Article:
Aspirin may protect against cancers of the mouth, throat and oesophagus, a study suggests.
Aspirin is over 100 years old
Researchers in Italy say taking aspirin regularly for five years cuts the risk of contracting these diseases by two thirds.
The findings add to growing evidence that aspirin truly is a miracle drug.
Previous studies have shown that the pill, developed more than 100 years ago, may help prevent bowel and lung cancer.
While most people take it to relieve pain, it is also widely used to protect against heart disease and even arthritis.
Reports of its latest therapeutic benefits follow a study by scientists from the Institute of Pharmacological Research in Milan.
They analysed information from three separate studies involving 965 cancer patients and 1779 people who were in hospital for other conditions.
Everyone in the studies filled in detailed questionnaires about smoking and drinking habits, diet and how often they took aspirin.
They found that people who had taken aspirin regularly for five years or more cut their chances of developing cancers of the mouth, throat and oesophagus by two thirds compared to those who didn't take the medicine.
Many of the aspirin users in the study had been taking the drug because they had been diagnosed with other health problems, such as heart disease.
The scientists believe that if people started taking the drug earlier, specifically for its anti-cancer properties, it might be possible to achieve even stronger protective effects.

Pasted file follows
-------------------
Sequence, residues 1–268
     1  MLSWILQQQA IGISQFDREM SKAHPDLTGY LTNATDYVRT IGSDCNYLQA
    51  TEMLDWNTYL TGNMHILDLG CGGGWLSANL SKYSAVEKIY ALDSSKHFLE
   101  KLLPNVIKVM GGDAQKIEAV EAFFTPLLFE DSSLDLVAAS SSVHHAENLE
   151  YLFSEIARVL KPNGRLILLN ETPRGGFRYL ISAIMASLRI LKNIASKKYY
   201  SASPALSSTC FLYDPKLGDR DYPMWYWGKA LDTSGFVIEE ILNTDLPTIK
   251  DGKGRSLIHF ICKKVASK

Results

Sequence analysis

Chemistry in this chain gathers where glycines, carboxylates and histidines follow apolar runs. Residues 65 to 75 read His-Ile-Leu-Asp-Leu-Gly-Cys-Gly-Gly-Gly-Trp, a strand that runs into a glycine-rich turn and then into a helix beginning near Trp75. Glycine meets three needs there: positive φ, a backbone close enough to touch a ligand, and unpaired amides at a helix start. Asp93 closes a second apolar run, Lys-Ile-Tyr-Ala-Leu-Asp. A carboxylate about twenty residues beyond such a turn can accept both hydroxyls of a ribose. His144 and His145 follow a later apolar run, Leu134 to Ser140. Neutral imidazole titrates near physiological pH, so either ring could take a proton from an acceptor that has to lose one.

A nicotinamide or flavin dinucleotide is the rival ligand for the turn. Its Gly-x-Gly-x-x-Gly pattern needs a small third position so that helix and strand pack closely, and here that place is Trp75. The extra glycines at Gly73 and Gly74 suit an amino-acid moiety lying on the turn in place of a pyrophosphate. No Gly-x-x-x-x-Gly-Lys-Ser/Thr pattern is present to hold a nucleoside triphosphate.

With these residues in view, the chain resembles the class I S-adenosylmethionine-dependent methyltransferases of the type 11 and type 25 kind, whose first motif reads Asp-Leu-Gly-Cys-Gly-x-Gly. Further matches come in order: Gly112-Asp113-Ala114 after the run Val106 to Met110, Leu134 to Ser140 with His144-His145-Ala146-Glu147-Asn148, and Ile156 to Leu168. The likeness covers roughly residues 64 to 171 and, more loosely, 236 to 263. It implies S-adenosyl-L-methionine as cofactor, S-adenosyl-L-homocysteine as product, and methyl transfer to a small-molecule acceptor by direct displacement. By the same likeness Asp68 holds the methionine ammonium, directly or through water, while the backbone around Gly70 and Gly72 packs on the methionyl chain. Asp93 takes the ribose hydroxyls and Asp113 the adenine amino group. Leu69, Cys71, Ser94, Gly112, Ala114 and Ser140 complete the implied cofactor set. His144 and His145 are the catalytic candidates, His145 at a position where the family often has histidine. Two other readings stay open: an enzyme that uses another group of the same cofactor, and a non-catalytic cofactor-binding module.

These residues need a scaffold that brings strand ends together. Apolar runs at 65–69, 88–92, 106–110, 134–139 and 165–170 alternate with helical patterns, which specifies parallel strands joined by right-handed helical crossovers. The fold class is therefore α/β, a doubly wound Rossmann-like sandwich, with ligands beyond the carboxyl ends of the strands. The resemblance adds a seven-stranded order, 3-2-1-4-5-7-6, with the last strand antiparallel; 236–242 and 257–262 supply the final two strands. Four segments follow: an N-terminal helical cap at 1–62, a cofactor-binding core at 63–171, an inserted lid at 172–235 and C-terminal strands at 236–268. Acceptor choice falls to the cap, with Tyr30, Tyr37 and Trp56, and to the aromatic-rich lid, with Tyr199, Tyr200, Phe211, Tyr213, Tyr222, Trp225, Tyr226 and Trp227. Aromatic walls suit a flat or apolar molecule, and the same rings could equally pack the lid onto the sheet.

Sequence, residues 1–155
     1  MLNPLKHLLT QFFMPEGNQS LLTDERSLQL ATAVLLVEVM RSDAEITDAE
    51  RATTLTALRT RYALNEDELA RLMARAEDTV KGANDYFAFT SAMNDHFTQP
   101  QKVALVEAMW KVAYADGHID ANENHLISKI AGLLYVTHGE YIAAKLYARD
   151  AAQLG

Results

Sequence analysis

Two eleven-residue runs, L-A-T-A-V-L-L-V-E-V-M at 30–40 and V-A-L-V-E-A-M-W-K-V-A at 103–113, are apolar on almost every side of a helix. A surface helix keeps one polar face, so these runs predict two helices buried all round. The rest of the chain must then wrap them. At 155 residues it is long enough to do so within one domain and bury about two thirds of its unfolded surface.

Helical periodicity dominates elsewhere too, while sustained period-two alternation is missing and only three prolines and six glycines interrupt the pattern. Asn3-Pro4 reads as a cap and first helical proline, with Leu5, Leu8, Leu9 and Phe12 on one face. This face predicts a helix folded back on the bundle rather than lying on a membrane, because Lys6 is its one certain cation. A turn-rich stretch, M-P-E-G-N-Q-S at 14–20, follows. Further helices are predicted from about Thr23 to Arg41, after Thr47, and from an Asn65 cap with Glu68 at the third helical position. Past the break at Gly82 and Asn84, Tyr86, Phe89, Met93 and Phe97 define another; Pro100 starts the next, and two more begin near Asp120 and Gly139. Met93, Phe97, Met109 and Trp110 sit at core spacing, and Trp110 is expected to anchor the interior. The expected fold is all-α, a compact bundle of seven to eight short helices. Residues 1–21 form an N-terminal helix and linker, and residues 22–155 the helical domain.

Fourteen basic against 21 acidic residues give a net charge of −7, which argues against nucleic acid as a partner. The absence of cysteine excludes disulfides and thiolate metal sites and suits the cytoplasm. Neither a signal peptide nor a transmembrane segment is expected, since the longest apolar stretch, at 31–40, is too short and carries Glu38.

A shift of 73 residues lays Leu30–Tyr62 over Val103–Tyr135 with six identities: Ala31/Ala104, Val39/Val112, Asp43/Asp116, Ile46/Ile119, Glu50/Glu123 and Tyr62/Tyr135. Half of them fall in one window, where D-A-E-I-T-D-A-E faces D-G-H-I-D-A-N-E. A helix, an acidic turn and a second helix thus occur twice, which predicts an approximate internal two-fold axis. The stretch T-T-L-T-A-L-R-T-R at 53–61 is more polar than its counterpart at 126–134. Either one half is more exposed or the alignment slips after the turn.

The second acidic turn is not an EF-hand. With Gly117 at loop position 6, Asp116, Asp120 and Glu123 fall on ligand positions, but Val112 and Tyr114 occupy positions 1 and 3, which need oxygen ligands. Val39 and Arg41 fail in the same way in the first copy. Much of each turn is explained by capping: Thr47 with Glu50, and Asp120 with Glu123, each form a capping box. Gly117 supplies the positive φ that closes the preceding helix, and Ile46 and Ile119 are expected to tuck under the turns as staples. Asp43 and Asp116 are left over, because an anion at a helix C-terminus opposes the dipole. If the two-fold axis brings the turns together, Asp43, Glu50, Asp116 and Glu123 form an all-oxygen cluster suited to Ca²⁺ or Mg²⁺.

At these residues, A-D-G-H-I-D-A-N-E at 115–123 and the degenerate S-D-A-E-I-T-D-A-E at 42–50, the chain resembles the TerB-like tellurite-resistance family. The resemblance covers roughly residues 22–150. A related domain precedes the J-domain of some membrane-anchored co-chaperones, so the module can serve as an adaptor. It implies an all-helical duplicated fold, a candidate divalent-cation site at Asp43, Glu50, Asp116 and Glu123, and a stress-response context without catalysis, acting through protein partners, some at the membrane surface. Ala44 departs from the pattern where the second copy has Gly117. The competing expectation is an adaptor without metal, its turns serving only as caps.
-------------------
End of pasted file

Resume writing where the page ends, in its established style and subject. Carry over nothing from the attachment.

However, further research will be needed to evaluate this and to track possible side-effects of long-term aspirin use.
But lead researcher Dr Cristina Bosetti hailed the findings.
"This is the first quantitative evidence that taking aspirin may reduce the risk of developing cancers in what we call the aerodigestive tract, connecting the mouth and the stomach.
"We think that aspirin may take effect by acting on an enzyme called cyclooxegenase-2, which has a role both in inflammation and the process of cancer growth.
"Our results further extend our knowledge of the health benefits of this remarkable drug and suggest that taking it could become an important way of protecting ourselves against cancer."
Dr Richard Sullivan, Cancer Research UK's head of clinical programmes, said: "Aspirin has to count as one of the greatest finds in the history of drug discovery.
"What began life as a simple painkiller now seems to have a wide range of beneficial effects for our health, and this new study adds to the evidence of a significant protective effect against cancer.
"We're not yet at the stage where we can recommend that everyone starts taking aspirin on a daily basis, as we'll need to further investigate its effectiveness and possible side-effects of long-term use.
"However, it looks as though the drug could become an important part of cancer prevention."
Each year in the UK, there are 7,250 cases of oesophageal cancer, around 4,000 cases of mouth cancer and 2,200 cases of throat cancer.
Smoking and heavy drinking are the main risk factors for all three types.
The study is published in the British Journal of Cancer.